For both nights this weekend, Radio Muezzin will be performing at Esplanade Theatre at 8pm.
In Cairo, the voices of muezzins reverberate throughout the city 5 times a day. They have become embedded in Cairo’s delightful culture. “The Minister for Religious Affairs is currently introducing the centralised muezzin. Via one radio station, only one proclaimer at a time is to go on air for simultaneous transmission from all state-owned mosques. This will silence thousands of Egyptian muezzins, and put an end to the hitherto cultural cacophony.”
Radio Muezzin is about four Egyptian muezzins “who find themselves becoming individual representatives of a religious culture, instead of passively allowing the many faces of the Islamic culture to be reduced to just one, simplified, enemy image for people in the rest of the world.”
Muzlimbuzz was honored to have had the opportunity to speak to Stefan Kaegi, the director behind Radio Muezzin.
Muzlimbuzz: You’ve worked with varying contexts, from Argentina to Latvia and Cairo to Vancouver. What are the major lesson(s) you’ve learnt in interacting with people from such diverse backgrounds?
You always start from the scratch again. Me and my label Rimini Protokoll, we try to use theatre not to show the viruosity of gifted actors, but to focus on life. Travelling to all these places you find: that our world is already itself full of stagings, role plays, entertainment and fiction. So sometimes it’s just theatre enough to frame it. Sometimes not. I really like to listen to people when they talk about their lives. I work as an editor and director – in a similar way as a speechwriter for politicians i try to understand what the life of my protagonists can mean to people who come from the other side of the social scale or the city. Theatre was always trying to be close to reality, and maybe today we don’t need as many filters anymore as all the arty methods that the history of theatre has developed.
Muzlimbuzz: In Radio Muezzin, the 4 characters become individual representatives of a religious culture. What kind of culture do you think you represent?
Me myself? I am not sure. I never stage myself. I guess I keep changing colours acording to the protagonists that I work with.
“Radio Muezzin” focuses on four muezzins: a blind Qu’ran teacher who travels to the mosque in a minibus for two hours every day; a farmers’ son and former tank driver from Upper Egypt, who vacuums the carpet in his mosque; an electrician, who began to learn the Qu’ran by heart after a serious accident, and a bodybuilder and runner-up world champion in Qu’ran recitation.
“Radio Muezzin” has them meet an engineer who learned to encode radio signals at the Aswan dam. In a mosque made of carpets and fans, they become the protagonists reconstructing their own lives. Between their words and the video images of their daily lives emerge new voices that describe the transformation of the call to prayer in the age of its technical reproduction.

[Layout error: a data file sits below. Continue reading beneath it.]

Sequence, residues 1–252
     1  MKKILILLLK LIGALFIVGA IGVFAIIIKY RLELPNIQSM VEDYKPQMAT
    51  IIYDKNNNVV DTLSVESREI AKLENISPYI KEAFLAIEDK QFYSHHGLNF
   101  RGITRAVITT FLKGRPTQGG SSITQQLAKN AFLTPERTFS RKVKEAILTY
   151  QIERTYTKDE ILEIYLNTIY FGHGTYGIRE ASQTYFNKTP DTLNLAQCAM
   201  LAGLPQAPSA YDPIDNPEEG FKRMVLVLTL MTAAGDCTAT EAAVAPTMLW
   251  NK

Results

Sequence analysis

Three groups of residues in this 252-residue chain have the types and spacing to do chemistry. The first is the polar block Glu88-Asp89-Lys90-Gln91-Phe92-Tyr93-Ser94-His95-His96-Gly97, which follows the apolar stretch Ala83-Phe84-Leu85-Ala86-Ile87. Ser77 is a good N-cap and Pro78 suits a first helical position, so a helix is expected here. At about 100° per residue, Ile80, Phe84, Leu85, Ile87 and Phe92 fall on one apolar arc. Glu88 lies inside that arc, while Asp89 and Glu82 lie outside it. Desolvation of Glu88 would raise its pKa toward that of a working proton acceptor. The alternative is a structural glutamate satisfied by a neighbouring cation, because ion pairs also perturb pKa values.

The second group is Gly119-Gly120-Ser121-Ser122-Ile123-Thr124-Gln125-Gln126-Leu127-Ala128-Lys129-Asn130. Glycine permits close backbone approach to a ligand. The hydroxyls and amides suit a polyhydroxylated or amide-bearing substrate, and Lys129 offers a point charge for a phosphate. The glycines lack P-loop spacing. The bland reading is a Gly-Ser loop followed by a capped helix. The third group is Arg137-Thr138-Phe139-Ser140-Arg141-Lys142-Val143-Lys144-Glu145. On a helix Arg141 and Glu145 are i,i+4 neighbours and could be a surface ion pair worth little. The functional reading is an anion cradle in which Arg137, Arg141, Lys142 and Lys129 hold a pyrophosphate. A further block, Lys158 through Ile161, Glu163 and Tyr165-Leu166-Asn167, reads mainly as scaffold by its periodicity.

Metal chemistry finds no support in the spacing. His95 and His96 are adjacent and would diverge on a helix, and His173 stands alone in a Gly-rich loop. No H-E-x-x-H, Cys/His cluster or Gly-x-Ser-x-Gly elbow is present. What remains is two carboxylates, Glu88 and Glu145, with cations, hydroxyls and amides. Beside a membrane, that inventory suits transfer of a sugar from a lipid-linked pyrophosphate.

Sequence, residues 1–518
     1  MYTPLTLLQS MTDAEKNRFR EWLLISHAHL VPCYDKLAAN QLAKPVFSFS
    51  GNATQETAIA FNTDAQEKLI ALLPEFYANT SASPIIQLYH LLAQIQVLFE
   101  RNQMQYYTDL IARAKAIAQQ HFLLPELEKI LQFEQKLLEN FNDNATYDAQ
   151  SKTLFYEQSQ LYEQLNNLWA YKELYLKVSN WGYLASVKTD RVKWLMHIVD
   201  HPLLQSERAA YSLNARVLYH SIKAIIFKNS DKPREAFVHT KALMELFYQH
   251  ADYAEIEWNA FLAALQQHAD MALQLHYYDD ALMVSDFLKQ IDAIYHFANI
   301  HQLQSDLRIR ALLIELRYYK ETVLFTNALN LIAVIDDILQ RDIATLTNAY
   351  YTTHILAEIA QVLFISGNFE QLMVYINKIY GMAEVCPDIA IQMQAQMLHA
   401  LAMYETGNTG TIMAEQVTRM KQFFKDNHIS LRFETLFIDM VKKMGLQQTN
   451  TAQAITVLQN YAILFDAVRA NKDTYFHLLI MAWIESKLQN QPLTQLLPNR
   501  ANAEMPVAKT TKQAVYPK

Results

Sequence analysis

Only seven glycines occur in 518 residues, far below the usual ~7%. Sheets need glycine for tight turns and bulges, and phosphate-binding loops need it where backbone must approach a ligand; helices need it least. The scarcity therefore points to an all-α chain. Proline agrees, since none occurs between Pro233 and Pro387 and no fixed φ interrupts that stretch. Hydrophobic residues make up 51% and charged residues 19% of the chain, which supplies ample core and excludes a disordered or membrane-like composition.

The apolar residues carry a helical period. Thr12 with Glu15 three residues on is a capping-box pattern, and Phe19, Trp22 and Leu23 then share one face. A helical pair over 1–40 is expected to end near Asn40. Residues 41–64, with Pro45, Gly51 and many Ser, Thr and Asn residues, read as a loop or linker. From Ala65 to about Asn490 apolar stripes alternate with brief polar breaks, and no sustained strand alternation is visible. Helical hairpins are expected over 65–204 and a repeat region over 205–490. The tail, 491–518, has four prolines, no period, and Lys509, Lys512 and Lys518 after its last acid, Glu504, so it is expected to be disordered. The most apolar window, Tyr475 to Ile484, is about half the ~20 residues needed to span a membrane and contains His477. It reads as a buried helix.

Radio Muezzin is not a piece about Islam or about religion. I wouldn’t have been interested in treating this complex subject. It is a play about biographies, about centralisation, about voices and how they disappear behind technologies.
Muzlimbuzz: What inspires you?
For each project there is a different sparkle triggering my ideas. Some years ago I ran into a shareholders meeting for Daimler AG, the company producing Mercedes cars. And I found this crystallized form of visible capitalism so inspiring that we decided to bring theatre audiences to this unique ritual imposed by financial legislations and just frame it – the way it is – as theatre.
When it comes to Radio Muezzin: I heard the first Muezzin when I was 14 and travelled to Turkey. I was very enchanted to hear that in the midst of the traffic noise of Istanbul, there was such a human voice given this importance and liked the calm of the azhan.
In Berlin we performed in the HAU theatre situated in Kreuzberg – which is a neighbourhood inhabited by almost 50% of Muslims, mostly Turkish, where the azan is banned in public space. So it was quite a relevant discussion, but generally in Europe the play also undermines pre-judgements of the Western world about Muslims. It brings people closer to a distant reality that we think we know all about. And this will probably also happen – in a very different way – in Singapore, where people may not know much more about Egypt than in Germany.
Muzlimbuzz: Will Singapore get to see more of your work?
I would love to come back with new works. I just premiered “Soilprobe Kasakhastan” – an on-stage simulation of one of the worlds fastest growing oil-procucing contries and the German comunity which was deported there after the second world war and after the fall of the wall came back – generations after their ancestors had left Germany. Together with my partner, the Argentinian playwright Lola Arias I curate a festival for interventions in public spaces in Warsaw and Zürich in June – which is why unfortunately I cannot come to Singapore myself. And next work we develop a film-project on economical relationships between Nigeria and Europe.
Muzlimbuzz: We’re excited to see Radio Muezzin this weekend! What do you have to say to those who have yet to get tickets for it?
We take you to a trip through Cairo with video images from the city and a lot of soundscapes. We give you an insight into where religious life and everyday chaos in a megalopolis clash. The play has many dramaturgical layers. I like shows, where you can define your own focus. Come and find out yourself!
For more details on Radio Muezzin, check out this link: http://www.singaporeartsfest.com/107